Bonanza Farms and Indian Labor
Up until 1860, much of California agriculture was centered around huge cattle farms, perhaps best represented by those of Henry Miller. After 1860, a new crop began to dominate...wheat. 1860-1890 saw the rise of massive wheat farms in California. By 1890, 40,000,000 bushels of wheat were produced in the state, making California the second largest wheat producer in the United States.
Wheat farming was, for a time, profitable for large scale growers like Hugh J. Glenn, but it also exhausted the soil. According to Carey McWilliams, "Within a decade the land barons of the state had seriously undermined the agricultural resources of California. The same feverish frenzy that had characterized mining in California also characterized wheat farming, which was not strictly speaking farming at all, but a variety of mining."
During the heyday of the great wheat farms, the main source of cheap labor was Indians, who had also supplied the bulk of the labor force during the Spanish colonial period. It's no secret that when Americans took control of California, the Indians were ruthlessly exploited and uprooted.
Charles Loring Brace, a writer who visited California in 1867, expressed the popular U.S. attitude toward Native American laborers during that time period. He describes them as "perhaps the lowest tribe of the human race--they were all disgustingly dirty, and with but little clothing on them, living, in part, on pine seeds, acorns, and grass seeds; a diminishing race."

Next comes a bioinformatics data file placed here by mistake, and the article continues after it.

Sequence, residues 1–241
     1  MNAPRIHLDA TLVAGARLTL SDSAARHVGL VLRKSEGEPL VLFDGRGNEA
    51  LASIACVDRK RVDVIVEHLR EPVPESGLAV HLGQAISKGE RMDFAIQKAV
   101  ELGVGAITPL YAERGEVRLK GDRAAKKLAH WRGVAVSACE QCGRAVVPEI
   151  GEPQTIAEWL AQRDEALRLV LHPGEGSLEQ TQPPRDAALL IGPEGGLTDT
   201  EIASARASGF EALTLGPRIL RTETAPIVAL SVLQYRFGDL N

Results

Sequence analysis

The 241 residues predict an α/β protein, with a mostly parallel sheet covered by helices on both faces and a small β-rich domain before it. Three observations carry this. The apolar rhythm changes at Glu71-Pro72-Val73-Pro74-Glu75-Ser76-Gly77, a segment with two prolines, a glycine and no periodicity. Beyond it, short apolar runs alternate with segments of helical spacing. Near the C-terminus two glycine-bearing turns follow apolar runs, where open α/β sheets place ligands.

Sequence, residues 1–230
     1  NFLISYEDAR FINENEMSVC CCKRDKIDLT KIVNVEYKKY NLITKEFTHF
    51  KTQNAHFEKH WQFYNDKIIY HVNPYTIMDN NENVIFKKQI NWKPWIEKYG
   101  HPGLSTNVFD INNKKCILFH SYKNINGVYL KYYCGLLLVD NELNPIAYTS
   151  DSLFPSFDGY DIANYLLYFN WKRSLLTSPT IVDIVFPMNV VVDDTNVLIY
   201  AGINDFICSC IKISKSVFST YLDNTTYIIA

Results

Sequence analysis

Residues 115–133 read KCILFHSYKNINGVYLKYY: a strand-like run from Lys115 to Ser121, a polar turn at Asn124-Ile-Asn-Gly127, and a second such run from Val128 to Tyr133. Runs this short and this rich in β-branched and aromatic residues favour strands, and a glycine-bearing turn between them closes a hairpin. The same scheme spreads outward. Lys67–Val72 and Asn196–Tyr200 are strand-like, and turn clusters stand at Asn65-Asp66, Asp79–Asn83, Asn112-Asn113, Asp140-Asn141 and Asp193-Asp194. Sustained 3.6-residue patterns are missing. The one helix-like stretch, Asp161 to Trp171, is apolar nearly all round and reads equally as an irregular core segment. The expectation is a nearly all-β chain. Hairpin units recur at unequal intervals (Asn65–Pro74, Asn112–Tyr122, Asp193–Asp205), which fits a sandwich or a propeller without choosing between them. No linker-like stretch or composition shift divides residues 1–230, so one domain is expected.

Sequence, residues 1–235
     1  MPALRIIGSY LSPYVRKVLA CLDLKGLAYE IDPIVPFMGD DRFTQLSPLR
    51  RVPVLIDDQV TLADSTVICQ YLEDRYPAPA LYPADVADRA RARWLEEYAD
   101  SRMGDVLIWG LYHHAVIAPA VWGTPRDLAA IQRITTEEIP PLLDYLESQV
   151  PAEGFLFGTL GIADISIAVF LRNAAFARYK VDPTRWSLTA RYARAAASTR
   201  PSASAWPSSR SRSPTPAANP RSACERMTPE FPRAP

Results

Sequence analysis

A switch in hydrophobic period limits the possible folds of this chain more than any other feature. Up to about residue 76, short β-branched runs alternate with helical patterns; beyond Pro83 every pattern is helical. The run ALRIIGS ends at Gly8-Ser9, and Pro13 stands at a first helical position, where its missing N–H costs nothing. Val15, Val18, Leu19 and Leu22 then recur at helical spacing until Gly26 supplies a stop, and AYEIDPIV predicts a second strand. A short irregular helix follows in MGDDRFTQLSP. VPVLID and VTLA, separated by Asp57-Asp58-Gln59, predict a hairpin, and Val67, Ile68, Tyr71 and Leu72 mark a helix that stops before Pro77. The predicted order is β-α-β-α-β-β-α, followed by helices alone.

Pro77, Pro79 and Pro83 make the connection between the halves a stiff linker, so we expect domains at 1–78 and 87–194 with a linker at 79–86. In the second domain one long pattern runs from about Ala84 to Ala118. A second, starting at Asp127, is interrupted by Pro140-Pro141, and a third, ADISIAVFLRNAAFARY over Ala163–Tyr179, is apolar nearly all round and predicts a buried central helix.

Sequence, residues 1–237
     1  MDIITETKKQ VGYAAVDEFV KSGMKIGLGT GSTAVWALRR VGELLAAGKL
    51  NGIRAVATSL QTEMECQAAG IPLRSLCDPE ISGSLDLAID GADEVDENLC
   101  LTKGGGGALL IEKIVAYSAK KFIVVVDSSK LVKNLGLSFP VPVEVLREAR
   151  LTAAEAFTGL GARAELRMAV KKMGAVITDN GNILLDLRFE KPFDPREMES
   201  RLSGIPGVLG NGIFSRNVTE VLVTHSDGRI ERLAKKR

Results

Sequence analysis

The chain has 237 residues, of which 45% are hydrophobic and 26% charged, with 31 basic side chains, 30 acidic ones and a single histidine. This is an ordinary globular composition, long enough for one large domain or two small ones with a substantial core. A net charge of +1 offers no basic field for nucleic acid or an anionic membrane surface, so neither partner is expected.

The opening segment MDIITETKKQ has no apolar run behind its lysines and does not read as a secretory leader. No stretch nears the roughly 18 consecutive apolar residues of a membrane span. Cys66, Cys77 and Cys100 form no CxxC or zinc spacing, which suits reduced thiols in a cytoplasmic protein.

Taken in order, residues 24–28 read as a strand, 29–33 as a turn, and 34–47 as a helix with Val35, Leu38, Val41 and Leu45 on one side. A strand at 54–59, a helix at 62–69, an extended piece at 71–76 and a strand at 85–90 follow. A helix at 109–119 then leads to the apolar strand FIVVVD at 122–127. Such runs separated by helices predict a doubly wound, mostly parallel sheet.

It is, of course, ironic that writers like Brace blamed Native Americans for their own "diminishing" and not the Anglo Americans who systematically exploited and killed them.
In her 1884 novel Ramona, writer Helen Hunt Jackson portrays treatment of Native Americans in late 19th century California. A character in the novel, Allesandro, explains how Anglo Americans treated Native Americans: "When they buy the Mexican's lands, (they) drive the Indians away as if they were dogs; they say we have no right to our lands."
Polish writer Henryk Sienkiewicz, who visited Southern California in 1876 noted that most of the labor force was Cahuilla Indians from the San Bernadino mountains. According to McWilliams, these Indians were paid "ridiculously low wages, or no wages at all (a bottle of whiskey was one method of payment)."